2022 seems like such a far away time. So far away my fingers have no muscle memory to type 2022 as a date. Go ahead and try it.
But it’s really just eight years from now. Think about what you were doing in 2006 (much easier date to type). That was just eight years ago. And in eight years the labor market will change by quite a bit. Some of it in ways we can’t predict. But in some ways we can. Below is a chart with the data sourced from the BLS’s own projections. It shows job growth in total numbers from 2012 to 2022.
Interesting that must of the added jobs will come from people with very little eduction. In fact, excluding a couple of categories, the less education one has, the more jobs will be available. This laughs in the face of what we hear from the media, politicians, and civic leaders. We’re told we need a bunch of education to be prepared for this workforce of the future. So what gives?
Those expectations are likely presented based on a growth in percentages. See, right now about 42% of the population over 25 has at most a high school education. And their unemployment rate is at 6.5%. Compare that to 25 and olders with a college degree being at 3.2%. You would hope there might be some job growth for the folks with less education. But they’re just playing catch up. Now check out what growth looks like in percentages.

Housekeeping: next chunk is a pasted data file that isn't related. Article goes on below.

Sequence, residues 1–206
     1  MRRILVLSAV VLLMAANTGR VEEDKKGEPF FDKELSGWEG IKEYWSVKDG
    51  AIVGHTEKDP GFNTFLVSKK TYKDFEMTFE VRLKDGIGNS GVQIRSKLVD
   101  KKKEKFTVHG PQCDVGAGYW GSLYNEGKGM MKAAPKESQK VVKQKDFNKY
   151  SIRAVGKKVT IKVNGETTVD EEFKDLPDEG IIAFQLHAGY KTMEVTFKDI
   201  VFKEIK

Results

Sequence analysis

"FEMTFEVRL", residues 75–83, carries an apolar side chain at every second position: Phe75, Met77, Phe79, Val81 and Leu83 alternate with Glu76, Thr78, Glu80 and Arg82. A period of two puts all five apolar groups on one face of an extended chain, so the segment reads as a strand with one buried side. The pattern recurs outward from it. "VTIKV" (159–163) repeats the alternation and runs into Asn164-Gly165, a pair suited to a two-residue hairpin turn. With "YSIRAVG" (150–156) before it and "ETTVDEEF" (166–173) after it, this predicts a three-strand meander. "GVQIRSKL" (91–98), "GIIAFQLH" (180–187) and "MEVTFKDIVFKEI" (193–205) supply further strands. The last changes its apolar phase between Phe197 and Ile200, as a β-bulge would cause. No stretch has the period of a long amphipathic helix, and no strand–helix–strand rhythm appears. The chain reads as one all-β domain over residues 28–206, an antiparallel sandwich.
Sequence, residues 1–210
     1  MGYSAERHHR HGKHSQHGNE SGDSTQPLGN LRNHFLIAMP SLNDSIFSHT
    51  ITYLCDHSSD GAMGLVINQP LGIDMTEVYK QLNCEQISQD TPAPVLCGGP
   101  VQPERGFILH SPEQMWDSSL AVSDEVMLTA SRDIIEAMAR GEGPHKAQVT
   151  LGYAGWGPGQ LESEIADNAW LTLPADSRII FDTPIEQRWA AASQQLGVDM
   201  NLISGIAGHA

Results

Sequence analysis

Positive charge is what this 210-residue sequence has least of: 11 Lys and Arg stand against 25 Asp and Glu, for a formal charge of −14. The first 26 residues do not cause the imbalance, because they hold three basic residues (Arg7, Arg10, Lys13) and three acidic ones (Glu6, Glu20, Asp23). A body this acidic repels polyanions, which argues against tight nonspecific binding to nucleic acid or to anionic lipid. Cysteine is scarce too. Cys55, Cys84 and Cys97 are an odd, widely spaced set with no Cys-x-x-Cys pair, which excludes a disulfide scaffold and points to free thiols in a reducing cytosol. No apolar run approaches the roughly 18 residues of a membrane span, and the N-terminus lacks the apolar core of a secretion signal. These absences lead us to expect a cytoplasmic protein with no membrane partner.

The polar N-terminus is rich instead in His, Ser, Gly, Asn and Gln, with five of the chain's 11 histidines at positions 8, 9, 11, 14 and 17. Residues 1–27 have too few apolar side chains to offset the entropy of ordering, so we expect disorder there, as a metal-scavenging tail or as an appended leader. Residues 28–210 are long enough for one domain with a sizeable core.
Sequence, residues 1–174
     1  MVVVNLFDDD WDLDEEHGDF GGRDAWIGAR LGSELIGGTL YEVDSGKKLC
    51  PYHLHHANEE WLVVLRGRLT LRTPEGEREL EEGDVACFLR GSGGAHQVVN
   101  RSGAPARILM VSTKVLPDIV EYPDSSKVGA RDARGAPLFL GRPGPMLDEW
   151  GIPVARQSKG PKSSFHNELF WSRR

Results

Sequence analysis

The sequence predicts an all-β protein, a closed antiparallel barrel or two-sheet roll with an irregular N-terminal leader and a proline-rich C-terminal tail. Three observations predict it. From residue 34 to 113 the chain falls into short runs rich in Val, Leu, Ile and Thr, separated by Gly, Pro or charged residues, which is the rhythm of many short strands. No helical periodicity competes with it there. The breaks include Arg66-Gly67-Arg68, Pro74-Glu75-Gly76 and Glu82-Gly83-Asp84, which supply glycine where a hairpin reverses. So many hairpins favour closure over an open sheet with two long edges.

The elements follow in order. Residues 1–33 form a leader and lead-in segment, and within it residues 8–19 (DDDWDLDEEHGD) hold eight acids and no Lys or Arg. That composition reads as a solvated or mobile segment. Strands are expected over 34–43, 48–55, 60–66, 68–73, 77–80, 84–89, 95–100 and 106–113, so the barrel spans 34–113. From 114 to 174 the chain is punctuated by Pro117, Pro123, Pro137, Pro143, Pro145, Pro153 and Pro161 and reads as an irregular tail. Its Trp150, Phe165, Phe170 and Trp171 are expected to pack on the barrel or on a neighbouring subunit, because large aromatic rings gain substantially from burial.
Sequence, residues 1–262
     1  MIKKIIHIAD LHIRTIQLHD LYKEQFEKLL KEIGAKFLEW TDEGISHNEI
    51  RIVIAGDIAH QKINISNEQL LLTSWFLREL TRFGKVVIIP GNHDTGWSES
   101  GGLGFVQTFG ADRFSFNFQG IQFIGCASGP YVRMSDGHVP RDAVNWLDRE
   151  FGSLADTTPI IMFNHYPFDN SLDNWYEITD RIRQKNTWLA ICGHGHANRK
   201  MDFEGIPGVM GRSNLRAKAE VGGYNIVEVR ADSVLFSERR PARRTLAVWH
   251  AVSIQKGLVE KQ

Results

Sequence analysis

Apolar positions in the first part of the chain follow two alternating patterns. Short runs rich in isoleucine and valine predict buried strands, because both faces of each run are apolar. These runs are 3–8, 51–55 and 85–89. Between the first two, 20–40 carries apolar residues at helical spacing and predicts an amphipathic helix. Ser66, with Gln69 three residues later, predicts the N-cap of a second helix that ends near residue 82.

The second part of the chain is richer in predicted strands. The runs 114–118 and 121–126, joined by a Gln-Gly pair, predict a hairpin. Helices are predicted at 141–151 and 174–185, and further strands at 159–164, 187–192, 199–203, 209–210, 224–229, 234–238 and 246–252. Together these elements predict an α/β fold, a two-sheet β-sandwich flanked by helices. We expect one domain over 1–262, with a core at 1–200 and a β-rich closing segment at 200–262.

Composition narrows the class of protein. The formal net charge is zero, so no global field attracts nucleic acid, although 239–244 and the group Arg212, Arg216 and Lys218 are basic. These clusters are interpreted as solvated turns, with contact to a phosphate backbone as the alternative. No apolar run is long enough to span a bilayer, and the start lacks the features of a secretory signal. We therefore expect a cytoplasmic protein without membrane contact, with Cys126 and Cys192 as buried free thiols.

Now the story is a lot different. Now it looks like there’s a lot of opportunity for people with advanced degrees and education. This could contribute to a widening wage gap as more and more new jobs become available to people who already have them. If all the percentage growth is in areas that require higher degrees than high school and the population continues slow progress in educational attainment then there is the possibility of skills gap.
So how do you plan for the future of job growth? Clearly getting educated (the right kind of educated) won’t hurt. But education isn’t everything. Location is big too (just ask any Realtor). The folks at The Atlantic Cities put together a bunch of maps like the one below. This one is just the summary. It maps out expected job growth in every major metropolitan area.
The good news first. Job growth is expected everywhere. Now the bad news, not all cities are created equal. The Rust Belt is expecting relatively low job growth. That’s not very surprising. Silicon Valley isn’t in the highest bracket for growth and that’s surprising. But regions in south and southwest are expecting good growth. The major growth areas are concentrated in the Mid-Atlantic space and northeastern section of the country.
Growth is a relative term though. If an area has high unemployment, then job growth may just be catch-up. Some of these colors make sense, other require some thought in order to figure out why growth may not be what is expected. Look at Atlanta, growth is expected to be slow. Is it because it’s too crowded, lack of innovation, unfavorable tax/business policy, or just already at a high level of employment?
When we think about the future of jobs, there’s certainly a lot to process. There’s probably a job or two available in that space too.